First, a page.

A 55-year-old patient, G3Ab1P2 with a past medical history of treated hypertension and hypothyroidism referred to our urogynecology clinic with chief complaint about urinary incontinence as well as two-year prolonged and heavy menstrual bleeding. She reported being sexually active and a positive family history of uterine malignancy in her daughter and her sister that underwent TAH.
At that time, the medical history revealed mixed urinary incontinence accompanied by urge-predominant symptoms. In addition, the physical examination revealed stage 1 of pelvic organ prolapse in all three compartments and a positive cough stress test. Furthermore, the result of her transvaginal ultrasound (TVS) and endometrial biopsy were normal.
Papanicolaou smear test was also done and the result was reported as “negative for intraepithelial lesion or malignancy”. To relieve her urinary symptoms, an anticholinergic drug was prescribed and the she was asked to do follow-up check-ups in a month so that we could evaluate her menstrual bleeding pattern after the endometrial biopsy and track her response to anticholinergic drug.
Unfortunately, the patient did not come in for the follow-up visit. One year later, she referred to our hospital with chief complaint about heavy, prolonged menstrual bleeding and a permanently abnormal yellow discharge that could not be distinguished from its urinary or vaginal source. On examination, no pelvic mass was palpable. Mixed vaginal infection and uterine prolapse stage 1 were diagnosed.
The patient underwent a transvaginal ultrasound which indicated a 21*18 mm endometrioma cyst in the right ovary and a 32*18 mm tabular hypoechoic structure with hypervascular thick wall in the left adnexa separated from the left ovary suspected for the left fallopian tube pathology. For more assessment, magnetic resonance imaging (MRI) was requested.
MRI enhanced images of the pelvic cavity confirmed the small endometrioma in the right ovary and demonstrated a tubular left adnexa structure measuring 36*12 mm with thick rim wall enhancement without internal solid component, more suggestive of hematosalpinx, hydrosalpinx , or associated inflammatory process without any evidence of malignancy (Fig. 1A, C).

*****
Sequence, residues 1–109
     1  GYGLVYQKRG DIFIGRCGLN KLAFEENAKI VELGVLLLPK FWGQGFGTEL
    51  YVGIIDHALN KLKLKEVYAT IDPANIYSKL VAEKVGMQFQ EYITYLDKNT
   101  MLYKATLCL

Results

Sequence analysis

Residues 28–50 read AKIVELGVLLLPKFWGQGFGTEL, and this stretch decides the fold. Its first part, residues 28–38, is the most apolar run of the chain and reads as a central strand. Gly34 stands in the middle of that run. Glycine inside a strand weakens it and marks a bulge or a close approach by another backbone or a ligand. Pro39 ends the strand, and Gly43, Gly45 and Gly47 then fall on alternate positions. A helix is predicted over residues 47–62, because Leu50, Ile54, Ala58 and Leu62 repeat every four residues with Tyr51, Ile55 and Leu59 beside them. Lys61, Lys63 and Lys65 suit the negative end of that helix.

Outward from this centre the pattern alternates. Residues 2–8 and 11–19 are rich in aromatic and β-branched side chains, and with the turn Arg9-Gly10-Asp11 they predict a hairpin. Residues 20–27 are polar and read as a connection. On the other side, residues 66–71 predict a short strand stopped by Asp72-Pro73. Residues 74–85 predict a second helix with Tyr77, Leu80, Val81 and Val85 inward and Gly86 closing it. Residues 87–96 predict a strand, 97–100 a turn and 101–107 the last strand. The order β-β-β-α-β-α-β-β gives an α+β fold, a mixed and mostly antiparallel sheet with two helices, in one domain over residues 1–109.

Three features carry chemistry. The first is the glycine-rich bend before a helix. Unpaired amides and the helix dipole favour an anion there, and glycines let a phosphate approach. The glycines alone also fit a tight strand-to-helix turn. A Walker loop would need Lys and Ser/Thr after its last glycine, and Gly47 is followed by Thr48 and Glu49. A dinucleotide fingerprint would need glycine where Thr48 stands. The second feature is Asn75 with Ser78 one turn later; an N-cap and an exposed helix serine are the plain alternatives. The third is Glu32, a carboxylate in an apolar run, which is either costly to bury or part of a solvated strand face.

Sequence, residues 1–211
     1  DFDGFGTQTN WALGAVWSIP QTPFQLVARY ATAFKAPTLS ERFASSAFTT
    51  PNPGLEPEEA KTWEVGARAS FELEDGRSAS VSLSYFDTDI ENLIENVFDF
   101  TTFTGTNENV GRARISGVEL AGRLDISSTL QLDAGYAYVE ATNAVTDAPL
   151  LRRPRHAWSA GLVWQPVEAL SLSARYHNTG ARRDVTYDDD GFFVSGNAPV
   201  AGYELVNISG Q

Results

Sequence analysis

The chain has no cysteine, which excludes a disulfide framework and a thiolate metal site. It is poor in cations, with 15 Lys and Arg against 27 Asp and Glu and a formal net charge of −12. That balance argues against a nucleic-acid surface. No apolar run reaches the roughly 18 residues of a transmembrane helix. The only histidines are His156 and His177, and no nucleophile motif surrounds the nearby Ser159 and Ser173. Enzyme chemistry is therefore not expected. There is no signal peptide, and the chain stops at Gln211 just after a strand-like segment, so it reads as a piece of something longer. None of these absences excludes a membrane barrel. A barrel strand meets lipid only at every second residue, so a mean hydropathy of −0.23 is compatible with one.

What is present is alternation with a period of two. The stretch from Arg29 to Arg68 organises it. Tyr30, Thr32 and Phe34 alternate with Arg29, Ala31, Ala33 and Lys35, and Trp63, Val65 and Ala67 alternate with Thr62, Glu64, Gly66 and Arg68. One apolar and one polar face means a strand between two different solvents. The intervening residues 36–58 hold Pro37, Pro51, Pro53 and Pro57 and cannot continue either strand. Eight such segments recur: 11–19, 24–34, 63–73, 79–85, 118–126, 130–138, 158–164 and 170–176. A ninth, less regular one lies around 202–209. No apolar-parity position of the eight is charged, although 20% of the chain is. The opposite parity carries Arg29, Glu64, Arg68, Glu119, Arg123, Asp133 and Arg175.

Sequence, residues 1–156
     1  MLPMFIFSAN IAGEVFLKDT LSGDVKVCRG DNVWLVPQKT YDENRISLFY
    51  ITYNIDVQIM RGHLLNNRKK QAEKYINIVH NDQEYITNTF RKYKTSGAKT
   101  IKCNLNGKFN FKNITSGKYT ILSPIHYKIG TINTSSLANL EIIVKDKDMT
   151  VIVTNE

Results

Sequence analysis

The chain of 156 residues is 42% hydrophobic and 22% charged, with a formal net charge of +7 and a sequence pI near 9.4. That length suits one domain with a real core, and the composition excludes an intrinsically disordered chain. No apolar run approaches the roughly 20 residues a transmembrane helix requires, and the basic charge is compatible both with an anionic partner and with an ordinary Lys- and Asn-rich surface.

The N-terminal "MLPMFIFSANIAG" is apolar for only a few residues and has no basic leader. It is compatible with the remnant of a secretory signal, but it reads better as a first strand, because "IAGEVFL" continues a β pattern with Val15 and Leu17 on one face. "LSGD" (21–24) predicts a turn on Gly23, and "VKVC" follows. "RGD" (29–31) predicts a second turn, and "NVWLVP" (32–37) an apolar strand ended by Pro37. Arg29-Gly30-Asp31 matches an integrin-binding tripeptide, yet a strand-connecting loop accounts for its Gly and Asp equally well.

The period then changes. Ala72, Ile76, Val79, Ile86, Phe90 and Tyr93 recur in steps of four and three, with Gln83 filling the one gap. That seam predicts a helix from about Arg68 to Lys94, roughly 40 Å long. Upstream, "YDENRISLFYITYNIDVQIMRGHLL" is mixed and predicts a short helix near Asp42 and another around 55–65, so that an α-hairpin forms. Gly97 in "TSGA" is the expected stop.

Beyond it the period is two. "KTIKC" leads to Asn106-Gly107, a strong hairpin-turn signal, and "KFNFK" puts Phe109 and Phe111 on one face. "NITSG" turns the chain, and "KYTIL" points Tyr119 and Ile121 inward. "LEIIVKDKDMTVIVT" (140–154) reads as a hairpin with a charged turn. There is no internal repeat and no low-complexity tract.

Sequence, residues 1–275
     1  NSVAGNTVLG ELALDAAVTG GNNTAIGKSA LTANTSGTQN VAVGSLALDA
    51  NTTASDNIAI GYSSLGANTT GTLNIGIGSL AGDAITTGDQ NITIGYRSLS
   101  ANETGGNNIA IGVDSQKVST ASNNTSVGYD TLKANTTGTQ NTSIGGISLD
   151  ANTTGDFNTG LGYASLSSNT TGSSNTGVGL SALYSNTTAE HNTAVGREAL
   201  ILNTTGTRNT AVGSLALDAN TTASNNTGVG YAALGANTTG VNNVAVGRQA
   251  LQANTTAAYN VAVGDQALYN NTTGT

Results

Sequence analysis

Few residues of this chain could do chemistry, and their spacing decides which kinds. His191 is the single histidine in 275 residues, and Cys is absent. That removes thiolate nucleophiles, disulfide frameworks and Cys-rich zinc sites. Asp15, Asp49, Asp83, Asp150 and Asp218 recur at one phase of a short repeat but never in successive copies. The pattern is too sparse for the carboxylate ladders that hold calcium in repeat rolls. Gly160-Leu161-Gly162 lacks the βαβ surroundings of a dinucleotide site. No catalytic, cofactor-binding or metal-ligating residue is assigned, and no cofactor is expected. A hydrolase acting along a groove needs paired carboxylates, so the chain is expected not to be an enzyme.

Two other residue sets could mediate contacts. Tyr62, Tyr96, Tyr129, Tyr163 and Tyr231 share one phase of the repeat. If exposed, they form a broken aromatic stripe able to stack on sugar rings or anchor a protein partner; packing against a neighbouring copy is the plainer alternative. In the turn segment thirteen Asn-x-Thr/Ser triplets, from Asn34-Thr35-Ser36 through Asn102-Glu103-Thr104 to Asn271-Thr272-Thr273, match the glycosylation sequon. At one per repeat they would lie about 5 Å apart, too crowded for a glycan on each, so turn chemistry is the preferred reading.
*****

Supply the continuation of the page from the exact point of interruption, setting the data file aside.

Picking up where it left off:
Focal hyperplasia without atypia with disordered proliferative endometrium was detected on hysteroscopy-D & C. Her abnormal lab test was hemoglobin 10.9 g/dL and ESR= 97.
Finally, the patient became a candidate for TAH – BSO due to the drug (Megestrol Acetate) -resistant abnormal vaginal bleeding, her abnormal vaginal bleeding, positive family history of malignancy, and abnormal vaginal discharge.
Before surgery, an urodynamic study was also done because of urgency-predominant mixed urinary incontinence and the patient’s inability to differentiate vaginal discharges from the leak of urine. The urodynamic study revealed normal findings.
Laparotomy revealed unusual left fallopian tube feature (Large, bulky, and vegetative feature), suspected to malignancy. Intraoperative frozen-section analysis of the left fallopian tube and ovary specimens detected the mass as a high-grade serous carcinoma of fallopian tube. Total abdominal hysterectomy, bilateral salpingo-oophorectomy, and partial omentectomy were performed. The definitive histopathological diagnosis was high-grade serous carcinoma of the left fallopian tube stage 2b (Fig. 2A, C).with omental involvement without any evidence of lymph-vascular invasion.
Based on post-surgery MRI findings which were normal, she became a candidate for six courses of adjuvant chemotherapy with carboplatin and paclitaxel followed by active surveillance. At the time of this report (one month after her surgery), she was receiving one course of chemotherapy without any major adverse effect.